Legend

holloway overhung with ancient trees n Cornwall
 
Steeped in salt and smoke,
mystical tonics; no one says dying
though the king drowses every day in torpor 
thick as a winding sheet. Some say a trance 
and some, a curse. And with him, the land
is cursed: bare trees, dry pods, fish gasping 
for water. Aratiles fruit that rattle in the wind. 
Read again of the three sent to find for their lord
patriarch a remedy: for rousing him out of his 
stupor, for waking the limbs and lifting the body 
out of its bed, they'll walk beyond the border in search
of something they're not even sure exists. Only one 
will see through ash and stone, will bring back a lyric
unsullied, from the mouth of a coppery-tailed bird.

Big man

holloway overhung with ancient trees n Cornwall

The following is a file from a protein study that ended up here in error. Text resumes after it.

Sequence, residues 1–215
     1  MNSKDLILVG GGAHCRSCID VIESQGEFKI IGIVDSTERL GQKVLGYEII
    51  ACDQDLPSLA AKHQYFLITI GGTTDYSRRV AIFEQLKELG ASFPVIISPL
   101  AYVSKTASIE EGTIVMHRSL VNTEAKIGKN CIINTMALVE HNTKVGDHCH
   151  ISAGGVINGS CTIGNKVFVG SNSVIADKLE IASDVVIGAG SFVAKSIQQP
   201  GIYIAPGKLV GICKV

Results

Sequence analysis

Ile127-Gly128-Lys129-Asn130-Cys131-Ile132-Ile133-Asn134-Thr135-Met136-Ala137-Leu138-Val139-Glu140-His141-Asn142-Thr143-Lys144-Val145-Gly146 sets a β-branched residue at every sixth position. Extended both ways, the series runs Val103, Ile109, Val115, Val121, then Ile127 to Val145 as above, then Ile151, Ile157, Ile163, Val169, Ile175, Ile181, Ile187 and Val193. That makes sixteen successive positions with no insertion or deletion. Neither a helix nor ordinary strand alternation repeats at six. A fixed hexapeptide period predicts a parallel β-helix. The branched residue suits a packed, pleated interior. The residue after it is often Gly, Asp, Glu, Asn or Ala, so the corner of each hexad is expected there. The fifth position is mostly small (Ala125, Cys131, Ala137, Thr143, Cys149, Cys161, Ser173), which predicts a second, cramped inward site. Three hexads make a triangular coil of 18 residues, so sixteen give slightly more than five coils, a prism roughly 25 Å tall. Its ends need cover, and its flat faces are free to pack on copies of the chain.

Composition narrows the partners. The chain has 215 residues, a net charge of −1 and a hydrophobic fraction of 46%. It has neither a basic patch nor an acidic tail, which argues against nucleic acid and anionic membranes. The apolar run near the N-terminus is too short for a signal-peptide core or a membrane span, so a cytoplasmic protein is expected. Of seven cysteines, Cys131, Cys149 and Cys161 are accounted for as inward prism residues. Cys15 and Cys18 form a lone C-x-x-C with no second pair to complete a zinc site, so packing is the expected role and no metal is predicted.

Up, and to the office, where some time upon Sir D. Gawden’s accounts, and then I by water to Westminster for some Tangier orders, and so meeting with Mr. Sawyers my old chamber-fellow, he and I by water together to the Temple, he giving me an account of the base, rude usage, which he and Sir G. Carteret had lately, before the Commissioners of Accounts, where he was, as Counsel to Sir G. Carteret, which I was sorry to hear, they behaving themselves like most insolent and ill-mannered men. Thence by coach to the Exchange, and there met with Sir H. Cholmly at Colvill’s; and there did give him some orders, and so home, and there to the office again, where busy till two o’clock, and then with Sir D. Gawden to his house, with my Lord Brouncker and Sir J. Minnes, to dinner, where we dined very well, and much good company, among others, a Dr., a fat man, whom by face I know, as one that uses to sit in our church, that after dinner did take me out, and walked together, who told me that he had now newly entered himself into Orders, in the decay of the Church, and did think it his duty so to do, thereby to do his part toward the support and reformation thereof; and spoke very soberly, and said that just about the same age Dr. Donne did enter into Orders. I find him a sober gentleman, and a man that hath seen much of the world, and I think may do good. Thence after dinner to the office, and there did a little business, and so to see Sir W. Pen, who I find still very ill of the goute, sitting in his great chair, made on purpose for persons sick of that disease, for their ease; and this very chair, he tells me, was made for my Lady Lambert! Thence I by coach to my tailor’s, there to direct about the making of me another suit, and so to White Hall, and through St. James’s Park to St. James’s, thinking to have met with Mr. Wren, but could not, and so homeward toward the New Exchange, and meeting Mr. Creed he and I to drink some whey at the whey-house, and so into the ’Change and took a walk or two, and so home, and there vexed at my boy’s being out of doors till ten at night, but it was upon my brother Jackson’s business, and so I was the less displeased, and then made the boy to read to me out of Dr. Wilkins his “Real Character,” and particularly about Noah’s arke, where he do give a very good account thereof, shewing how few the number of the several species of beasts and fowls were that were to be in the arke, and that there was room enough for them and their food and dung, which do please me mightily and is much beyond what ever I heard of the subject, and so to bed.